The celebratory nature of the dinner honoring a fellow senator turned deadly serious as Mansfield continued. Two cabinet officers were under indictment, he said, three officials with White House or Nixon campaign responsibilities had pled guilty to crimes, the vice president had resigned recently in a bribery scandal and three separate grand juries were investigating Watergate and related crimes.
The American people must know what had happened and who was responsible, Mansfield said, “because basically a President, a Vice President, a Senator — are only temporary officers, holding office in an institution which is the permanent factor in the consideration of the affairs of this government, and no man, no matter what his position, is above the law.”
Still, Mansfield’s straightforward discussion of the complex Watergate tale stopped well short of any partisan broadside. “One thing I want to make clear,” Mansfield said, “insofar as Watergate and all its implications are concerned, the Republican Party as such, insofar as I know, is clean as a whistle. And perhaps one of the reasons for the illegal unnecessary activities which occurred, may lie in the fact that there were no politicians of the Republican Party connected with the Committee to Re-Elect the President.”
It’s remarkable this many years later, and particularly in the context of current American politics, to reflect on the lengths to which Mansfield, the most senior Democrat in the country at the time of his Saturday Night Massacre speech in Idaho, went to avoid a partisan attack. He was speaking to a collection of Democrats, pitching the re-election of a fellow Democrat on the very night a Republican president had engaged in one of the most consequential abuses of power in American history. But the former history professor offered his Idaho audience a history lesson.
“In the weeks ahead the Senate is going to do what it has done all this year,” Mansfield said, “and that is to act constructively, to attend to our business, to keep politics to a minimum, and to make certain that this government of yours and ours functions.”
And Mansfield looked to the future. “Perhaps out of this will come a purification and a cleansing which will be beneficial to the whole country and which will bring about a reordering of our priorities so that we can attend to the needs of our people first, and perhaps out of this will come a closer look at what the political office holders do. Their records will be scanned more carefully, and that is as it should be, and that is as it must be. We’re all paying a price at the moment because I think all of us in some degree are responsible for what we have allowed to occur. We’ve lost our sense of morality, I believe, to a certain degree, We’ve become too materialistic minded, and maybe a return to the old values and the old virtues might, in my opinion, stand us in good stead today.”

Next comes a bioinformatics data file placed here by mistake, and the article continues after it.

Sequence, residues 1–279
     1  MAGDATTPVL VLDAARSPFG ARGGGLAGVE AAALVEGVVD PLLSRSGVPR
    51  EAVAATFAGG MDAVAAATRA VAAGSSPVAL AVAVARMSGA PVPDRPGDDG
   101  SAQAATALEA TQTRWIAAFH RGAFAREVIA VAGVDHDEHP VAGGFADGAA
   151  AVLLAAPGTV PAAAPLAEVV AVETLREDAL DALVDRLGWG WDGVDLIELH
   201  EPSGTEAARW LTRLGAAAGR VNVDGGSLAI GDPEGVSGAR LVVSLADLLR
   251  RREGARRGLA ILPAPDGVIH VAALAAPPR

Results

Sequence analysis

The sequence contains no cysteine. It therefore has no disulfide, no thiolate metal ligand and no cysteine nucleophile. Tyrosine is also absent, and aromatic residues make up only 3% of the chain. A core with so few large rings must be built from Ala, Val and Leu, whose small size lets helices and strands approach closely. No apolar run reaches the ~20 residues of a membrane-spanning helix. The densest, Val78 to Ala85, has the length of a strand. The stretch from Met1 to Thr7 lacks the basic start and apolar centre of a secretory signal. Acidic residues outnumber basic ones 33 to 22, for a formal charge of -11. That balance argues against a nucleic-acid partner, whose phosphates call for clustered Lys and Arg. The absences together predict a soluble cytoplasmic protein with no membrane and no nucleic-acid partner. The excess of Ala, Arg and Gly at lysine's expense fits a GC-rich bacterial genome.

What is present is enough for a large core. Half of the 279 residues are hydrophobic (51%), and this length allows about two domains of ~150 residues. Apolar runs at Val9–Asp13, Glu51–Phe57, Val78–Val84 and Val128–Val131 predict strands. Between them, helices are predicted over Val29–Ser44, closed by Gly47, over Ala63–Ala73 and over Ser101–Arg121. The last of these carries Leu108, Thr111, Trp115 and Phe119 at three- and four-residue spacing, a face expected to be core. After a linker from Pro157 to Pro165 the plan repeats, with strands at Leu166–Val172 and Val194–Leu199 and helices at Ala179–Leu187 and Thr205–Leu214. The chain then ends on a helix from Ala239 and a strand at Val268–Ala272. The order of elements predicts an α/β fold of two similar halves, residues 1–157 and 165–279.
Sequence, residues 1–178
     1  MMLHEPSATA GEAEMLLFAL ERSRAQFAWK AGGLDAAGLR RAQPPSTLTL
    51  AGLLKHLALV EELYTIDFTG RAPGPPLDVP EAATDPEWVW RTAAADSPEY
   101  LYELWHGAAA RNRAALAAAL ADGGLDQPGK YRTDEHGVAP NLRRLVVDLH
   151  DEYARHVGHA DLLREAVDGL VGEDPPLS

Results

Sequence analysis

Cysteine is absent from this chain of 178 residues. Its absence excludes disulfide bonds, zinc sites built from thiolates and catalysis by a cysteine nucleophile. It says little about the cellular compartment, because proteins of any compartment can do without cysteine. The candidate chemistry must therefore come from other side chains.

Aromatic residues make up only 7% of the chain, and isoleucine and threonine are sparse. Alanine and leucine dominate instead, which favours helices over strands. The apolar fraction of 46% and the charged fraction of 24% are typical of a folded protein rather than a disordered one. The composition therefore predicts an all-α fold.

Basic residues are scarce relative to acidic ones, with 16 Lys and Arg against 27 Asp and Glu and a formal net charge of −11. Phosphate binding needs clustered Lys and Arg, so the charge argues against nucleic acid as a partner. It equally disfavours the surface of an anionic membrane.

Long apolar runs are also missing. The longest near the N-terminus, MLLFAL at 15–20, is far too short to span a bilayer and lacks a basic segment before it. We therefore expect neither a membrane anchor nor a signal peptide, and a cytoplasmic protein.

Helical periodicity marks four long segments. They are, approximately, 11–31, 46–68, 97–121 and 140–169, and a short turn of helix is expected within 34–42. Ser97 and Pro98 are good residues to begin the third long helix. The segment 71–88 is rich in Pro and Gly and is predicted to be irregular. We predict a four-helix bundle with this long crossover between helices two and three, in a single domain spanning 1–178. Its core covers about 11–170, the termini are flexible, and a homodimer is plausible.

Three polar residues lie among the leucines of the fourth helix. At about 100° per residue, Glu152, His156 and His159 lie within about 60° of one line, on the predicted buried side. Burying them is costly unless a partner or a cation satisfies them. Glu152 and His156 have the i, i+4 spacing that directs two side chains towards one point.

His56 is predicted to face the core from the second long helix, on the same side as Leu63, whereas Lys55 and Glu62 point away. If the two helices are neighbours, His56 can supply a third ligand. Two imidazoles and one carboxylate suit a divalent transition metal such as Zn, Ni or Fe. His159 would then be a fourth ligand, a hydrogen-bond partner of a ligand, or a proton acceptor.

With perfect hindsight it’s obvious that Richard Nixon’s presidential days were numbered after the Saturday Night Massacre, and particularly after release of the White House tape recordings conclusively proving he had engaged in a coverup of criminal activity. Yet, when Nixon resigned in August 1974 as the House of Representatives prepared to impeach him, Mansfield took no pleasure in these stunning developments.
In a final meeting with Nixon the day before he left the White House, the president thanked Congressional leaders and said he respected them even when they had disagreed. “I was looking directly at Mike Mansfield when I said that,” Nixon later wrote, “but he did not react at all. He just sat there in a more dour mood than usual, puffing on his pipe.”
If the recent past tells us anything important about American politics it just might be this: character counts, and political and governmental institutions are bigger and more important than any one person. Also that blind, passionate partisanship almost always gets in the way of the people’s business.
Montana’s Mansfield continues to cast a huge shadow across the political landscape of the last half of the 20th Century. There are many reasons for that, including a huge body of legislative work that has stood the test of time. But Mansfield brought something else to politics and to the Senate that has come close to disappearing in our time, a commitment to public service as a noble calling, a belief that the system must be allowed – and made – to work, as it did during Watergate.
Mansfield’s approach to a presidential and Constitutional crisis in the 1970’s was among his finest moments. The country would benefit from his kind of leadership today.